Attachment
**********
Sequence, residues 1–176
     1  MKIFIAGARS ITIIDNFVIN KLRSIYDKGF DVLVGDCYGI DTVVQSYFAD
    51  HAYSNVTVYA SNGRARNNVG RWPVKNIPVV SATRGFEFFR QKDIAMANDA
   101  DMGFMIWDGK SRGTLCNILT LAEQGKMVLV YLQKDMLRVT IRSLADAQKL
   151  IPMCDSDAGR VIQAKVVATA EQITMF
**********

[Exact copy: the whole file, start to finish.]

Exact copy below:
Sequence, residues 1–176
     1  MKIFIAGARS ITIIDNFVIN KLRSIYDKGF DVLVGDCYGI DTVVQSYFAD
    51  HAYSNVTVYA SNGRARNNVG RWPVKNIPVV SATRGFEFFR QKDIAMANDA
   101  DMGFMIWDGK SRGTLCNILT LAEQGKMVLV YLQKDMLRVT IRSLADAQKL
   151  IPMCDSDAGR VIQAKVVATA EQITMF